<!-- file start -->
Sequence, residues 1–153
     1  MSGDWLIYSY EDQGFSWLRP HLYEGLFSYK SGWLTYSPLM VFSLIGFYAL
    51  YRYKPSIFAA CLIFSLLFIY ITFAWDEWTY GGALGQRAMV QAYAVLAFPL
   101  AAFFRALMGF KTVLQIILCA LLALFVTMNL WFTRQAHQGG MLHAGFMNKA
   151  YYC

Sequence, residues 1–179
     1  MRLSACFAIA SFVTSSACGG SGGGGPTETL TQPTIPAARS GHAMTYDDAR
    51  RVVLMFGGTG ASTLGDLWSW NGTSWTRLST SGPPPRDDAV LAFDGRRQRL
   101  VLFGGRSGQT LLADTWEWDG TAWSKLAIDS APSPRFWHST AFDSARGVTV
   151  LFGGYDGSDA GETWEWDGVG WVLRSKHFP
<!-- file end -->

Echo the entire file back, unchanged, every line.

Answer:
Sequence, residues 1–153
     1  MSGDWLIYSY EDQGFSWLRP HLYEGLFSYK SGWLTYSPLM VFSLIGFYAL
    51  YRYKPSIFAA CLIFSLLFIY ITFAWDEWTY GGALGQRAMV QAYAVLAFPL
   101  AAFFRALMGF KTVLQIILCA LLALFVTMNL WFTRQAHQGG MLHAGFMNKA
   151  YYC

Sequence, residues 1–179
     1  MRLSACFAIA SFVTSSACGG SGGGGPTETL TQPTIPAARS GHAMTYDDAR
    51  RVVLMFGGTG ASTLGDLWSW NGTSWTRLST SGPPPRDDAV LAFDGRRQRL
   101  VLFGGRSGQT LLADTWEWDG TAWSKLAIDS APSPRFWHST AFDSARGVTV
   151  LFGGYDGSDA GETWEWDGVG WVLRSKHFP